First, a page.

• What style of leader will my team need most in the next 12 months? Remember, there is no judgement between interrupt- vs initiative-triggered leaders. They are just different styles, suited for different situations. I won’t, however, open up the can of worms about whether the interrupt- or initiative-triggered leader is the cause or the effect of the organizational situation. Let’s just acknowledge that when they fit, the right kind of work gets done at the right pace to move the group forward.

Who is the quintessential interrupt-triggered leader in your life? Who is the embodiment of initiative? When do you find that one style is more effective than another? Leave a comment and let the leadertainment community know!

Hold on, were you just trying to delegate?

Let’s go back to the basics here folks. Whether you have 3 months or 3 decades of leadership experience, an essential skill to keep your team effective and engaged is delegation. A wise man once said “delegation is about deciding what you don’t do, and prioritization is about deciding what no one does.”

Cliche aside, the skill required in effective delegation is assigning tasks to your team members that achieve leverage and learning. Terry Pearce has a classic (i.e., VHS!) training video about leadership speaking in which he tells the story of dropping off his daughter at college: the main message about delegation is that unless it hurts, you haven’t delegated a large enough task. But what does this look like on a graph, you ask?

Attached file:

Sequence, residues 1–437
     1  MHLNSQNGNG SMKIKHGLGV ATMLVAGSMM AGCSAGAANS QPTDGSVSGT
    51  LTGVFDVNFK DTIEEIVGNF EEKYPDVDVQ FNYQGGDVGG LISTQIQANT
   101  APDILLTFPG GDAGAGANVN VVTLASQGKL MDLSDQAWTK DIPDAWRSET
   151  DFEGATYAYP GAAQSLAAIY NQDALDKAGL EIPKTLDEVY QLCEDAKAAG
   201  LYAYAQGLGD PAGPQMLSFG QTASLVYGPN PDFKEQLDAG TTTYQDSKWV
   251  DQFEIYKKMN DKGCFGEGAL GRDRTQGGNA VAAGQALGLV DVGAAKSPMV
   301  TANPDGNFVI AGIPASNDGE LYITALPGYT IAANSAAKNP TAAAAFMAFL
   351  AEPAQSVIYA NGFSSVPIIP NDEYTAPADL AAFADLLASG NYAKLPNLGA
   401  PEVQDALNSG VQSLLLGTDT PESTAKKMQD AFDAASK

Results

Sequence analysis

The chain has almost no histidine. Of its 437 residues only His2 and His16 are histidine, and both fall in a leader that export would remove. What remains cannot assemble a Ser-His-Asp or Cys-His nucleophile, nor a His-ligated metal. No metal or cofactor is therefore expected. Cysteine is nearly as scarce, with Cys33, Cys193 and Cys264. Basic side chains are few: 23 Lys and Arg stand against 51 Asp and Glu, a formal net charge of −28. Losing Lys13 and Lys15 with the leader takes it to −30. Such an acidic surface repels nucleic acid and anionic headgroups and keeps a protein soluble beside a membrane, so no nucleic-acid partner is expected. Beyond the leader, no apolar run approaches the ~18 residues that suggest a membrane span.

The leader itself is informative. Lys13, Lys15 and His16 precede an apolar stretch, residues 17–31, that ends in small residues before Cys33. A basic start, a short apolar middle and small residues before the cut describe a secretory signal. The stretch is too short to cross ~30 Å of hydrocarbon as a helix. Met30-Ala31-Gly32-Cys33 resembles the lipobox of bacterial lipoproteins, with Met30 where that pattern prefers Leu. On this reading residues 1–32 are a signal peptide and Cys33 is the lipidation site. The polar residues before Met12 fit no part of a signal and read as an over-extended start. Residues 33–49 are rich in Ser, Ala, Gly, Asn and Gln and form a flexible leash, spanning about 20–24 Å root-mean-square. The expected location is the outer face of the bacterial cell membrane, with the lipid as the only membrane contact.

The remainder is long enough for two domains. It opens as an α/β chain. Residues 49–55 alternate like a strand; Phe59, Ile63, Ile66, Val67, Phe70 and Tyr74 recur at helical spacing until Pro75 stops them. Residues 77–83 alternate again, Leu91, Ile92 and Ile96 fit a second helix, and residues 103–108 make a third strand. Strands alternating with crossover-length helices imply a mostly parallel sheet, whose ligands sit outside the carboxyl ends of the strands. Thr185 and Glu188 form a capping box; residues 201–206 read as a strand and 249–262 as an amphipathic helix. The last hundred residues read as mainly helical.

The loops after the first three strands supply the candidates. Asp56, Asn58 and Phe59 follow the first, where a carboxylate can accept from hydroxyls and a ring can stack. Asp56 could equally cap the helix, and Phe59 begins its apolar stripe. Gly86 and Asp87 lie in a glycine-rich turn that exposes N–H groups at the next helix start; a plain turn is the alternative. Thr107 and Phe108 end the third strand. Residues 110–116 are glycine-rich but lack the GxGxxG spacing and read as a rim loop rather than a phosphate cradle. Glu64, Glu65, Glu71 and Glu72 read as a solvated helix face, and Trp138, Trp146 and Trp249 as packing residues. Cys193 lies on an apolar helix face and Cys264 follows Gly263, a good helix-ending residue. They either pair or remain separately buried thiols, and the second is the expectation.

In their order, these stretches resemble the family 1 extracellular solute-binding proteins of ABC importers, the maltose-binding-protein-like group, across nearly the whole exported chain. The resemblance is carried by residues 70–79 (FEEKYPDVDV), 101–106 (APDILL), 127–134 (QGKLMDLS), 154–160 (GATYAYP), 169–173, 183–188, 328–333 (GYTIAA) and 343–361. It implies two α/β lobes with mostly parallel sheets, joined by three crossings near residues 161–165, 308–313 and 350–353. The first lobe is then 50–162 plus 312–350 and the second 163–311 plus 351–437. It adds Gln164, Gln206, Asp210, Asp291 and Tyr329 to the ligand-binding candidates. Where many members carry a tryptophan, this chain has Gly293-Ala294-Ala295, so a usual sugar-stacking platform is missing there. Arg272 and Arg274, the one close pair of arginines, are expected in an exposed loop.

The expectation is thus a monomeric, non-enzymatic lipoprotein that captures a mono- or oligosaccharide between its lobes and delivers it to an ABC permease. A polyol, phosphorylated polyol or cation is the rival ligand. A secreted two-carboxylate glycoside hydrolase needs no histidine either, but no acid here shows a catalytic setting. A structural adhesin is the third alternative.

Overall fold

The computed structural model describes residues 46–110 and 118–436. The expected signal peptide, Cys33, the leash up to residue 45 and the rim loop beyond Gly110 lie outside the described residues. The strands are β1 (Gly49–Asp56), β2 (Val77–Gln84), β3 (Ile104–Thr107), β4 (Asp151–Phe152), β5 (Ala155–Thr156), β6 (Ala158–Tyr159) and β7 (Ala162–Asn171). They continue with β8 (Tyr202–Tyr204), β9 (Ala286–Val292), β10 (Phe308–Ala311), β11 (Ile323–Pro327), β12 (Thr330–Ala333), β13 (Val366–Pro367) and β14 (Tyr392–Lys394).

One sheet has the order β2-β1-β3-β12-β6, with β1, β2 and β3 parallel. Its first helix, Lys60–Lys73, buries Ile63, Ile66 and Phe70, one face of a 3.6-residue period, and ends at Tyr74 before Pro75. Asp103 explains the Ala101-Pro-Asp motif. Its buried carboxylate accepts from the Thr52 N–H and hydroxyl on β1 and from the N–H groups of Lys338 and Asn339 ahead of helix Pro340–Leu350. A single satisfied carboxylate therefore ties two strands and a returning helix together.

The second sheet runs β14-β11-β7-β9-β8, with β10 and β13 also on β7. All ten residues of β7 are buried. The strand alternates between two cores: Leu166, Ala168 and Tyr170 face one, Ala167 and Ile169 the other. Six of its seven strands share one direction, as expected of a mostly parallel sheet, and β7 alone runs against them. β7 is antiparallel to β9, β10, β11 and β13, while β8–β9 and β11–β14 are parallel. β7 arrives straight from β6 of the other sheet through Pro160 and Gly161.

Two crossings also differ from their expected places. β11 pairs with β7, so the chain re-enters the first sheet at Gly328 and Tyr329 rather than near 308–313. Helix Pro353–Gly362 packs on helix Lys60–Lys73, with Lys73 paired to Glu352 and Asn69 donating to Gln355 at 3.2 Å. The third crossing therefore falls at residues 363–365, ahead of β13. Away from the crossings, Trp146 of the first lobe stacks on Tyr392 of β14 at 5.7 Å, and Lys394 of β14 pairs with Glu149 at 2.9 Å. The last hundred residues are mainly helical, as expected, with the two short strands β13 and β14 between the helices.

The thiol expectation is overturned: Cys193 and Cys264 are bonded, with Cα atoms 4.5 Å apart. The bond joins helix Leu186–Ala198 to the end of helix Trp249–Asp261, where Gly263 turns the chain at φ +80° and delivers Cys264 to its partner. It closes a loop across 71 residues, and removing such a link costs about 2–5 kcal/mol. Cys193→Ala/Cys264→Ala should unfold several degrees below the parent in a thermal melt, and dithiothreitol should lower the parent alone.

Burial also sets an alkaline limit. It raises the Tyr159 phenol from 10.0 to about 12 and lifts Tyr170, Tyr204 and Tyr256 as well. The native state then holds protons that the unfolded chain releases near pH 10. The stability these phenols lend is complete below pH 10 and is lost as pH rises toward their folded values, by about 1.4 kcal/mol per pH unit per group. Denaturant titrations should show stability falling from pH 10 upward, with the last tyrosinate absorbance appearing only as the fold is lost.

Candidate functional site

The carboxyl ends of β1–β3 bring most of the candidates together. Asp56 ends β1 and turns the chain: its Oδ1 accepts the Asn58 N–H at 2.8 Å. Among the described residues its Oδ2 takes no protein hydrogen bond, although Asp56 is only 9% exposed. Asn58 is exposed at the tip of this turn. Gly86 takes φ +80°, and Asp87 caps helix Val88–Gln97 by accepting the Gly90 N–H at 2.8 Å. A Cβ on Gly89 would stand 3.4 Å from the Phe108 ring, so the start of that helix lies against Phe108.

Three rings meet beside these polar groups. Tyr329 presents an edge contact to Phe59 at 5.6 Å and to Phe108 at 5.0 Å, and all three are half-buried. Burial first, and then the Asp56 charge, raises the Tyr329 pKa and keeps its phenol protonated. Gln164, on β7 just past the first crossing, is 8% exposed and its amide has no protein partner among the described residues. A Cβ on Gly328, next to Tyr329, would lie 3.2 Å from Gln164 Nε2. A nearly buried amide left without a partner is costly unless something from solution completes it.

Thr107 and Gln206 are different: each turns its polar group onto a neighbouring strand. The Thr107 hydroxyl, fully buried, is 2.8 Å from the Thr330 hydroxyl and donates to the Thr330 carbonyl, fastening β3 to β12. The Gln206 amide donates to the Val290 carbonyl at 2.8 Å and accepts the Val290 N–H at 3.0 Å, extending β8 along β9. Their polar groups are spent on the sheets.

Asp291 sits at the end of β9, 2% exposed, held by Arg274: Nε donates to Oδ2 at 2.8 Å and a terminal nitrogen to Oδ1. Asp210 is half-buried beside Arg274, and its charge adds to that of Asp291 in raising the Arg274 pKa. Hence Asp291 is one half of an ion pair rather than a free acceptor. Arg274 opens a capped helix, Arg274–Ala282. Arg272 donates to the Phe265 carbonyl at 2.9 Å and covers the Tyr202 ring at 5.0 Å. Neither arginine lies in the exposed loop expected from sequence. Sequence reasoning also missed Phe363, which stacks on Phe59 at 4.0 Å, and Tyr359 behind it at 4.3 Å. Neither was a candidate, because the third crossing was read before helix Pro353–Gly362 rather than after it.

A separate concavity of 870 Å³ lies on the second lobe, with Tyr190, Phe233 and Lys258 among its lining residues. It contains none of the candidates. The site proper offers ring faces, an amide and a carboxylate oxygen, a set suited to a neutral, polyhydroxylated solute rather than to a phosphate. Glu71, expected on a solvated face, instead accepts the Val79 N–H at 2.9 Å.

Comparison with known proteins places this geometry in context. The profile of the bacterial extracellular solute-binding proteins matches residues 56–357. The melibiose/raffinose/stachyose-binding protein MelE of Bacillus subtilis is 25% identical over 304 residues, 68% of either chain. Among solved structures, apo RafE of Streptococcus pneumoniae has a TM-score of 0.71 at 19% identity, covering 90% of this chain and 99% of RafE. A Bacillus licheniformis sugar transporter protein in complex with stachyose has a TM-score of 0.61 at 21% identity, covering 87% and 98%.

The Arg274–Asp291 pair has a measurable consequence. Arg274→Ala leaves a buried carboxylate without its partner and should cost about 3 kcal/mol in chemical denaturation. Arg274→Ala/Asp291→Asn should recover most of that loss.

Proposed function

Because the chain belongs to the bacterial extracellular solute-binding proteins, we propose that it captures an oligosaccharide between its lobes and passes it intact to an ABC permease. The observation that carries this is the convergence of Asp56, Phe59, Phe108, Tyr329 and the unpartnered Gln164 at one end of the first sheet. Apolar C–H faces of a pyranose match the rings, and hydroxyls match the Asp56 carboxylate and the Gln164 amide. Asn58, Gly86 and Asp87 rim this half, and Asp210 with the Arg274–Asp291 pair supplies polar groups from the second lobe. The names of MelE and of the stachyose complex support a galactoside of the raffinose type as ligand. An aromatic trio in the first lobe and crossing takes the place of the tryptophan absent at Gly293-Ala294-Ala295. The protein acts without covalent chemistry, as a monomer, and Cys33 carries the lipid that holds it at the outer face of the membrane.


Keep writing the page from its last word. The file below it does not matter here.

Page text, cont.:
Successful delegation takes self-awareness on the part of the manager and the team
Successful delegation takes self-awareness on the part of the manager and the team

The ideal level of delegation gives the team member enough autonomy to achieve a task that requires a slight “stretch” of skill (i.e., learning) to complete at the required level of quality. Yes, the manager could have completed the same task at a higher quality level (per unit time), but the free time created in the organization allows the manager to take on a higher complexity task that, presumably, no one else below him or her in the team could achieve. This is what I mean by leverage.

Locating this curve for each employee/manager combination requires self-awareness and feedback on both sides. The team member needs to raise awareness of his or her skill level, and the manager needs to raise awareness of his or her level of control or autonomy with delegated tasks. From the manager’s perspective, you must be willing to sacrifice control for the sake of leverage and learning, without setting your team up for failure. Staying too far to the left is demeaning and stifling for your team. Too far to the right, and you will assign tasks that my former (rugby loving) manager would call a “hospital pass:” drop it and your team loses, catch it and you’ll get knocked out.

As a manager, signs that you are too far to the left on the curve include:

  • you ask a team member to circulate a document for feedback among a group, and then scold him or her for sending an email to that group before letting you proofread it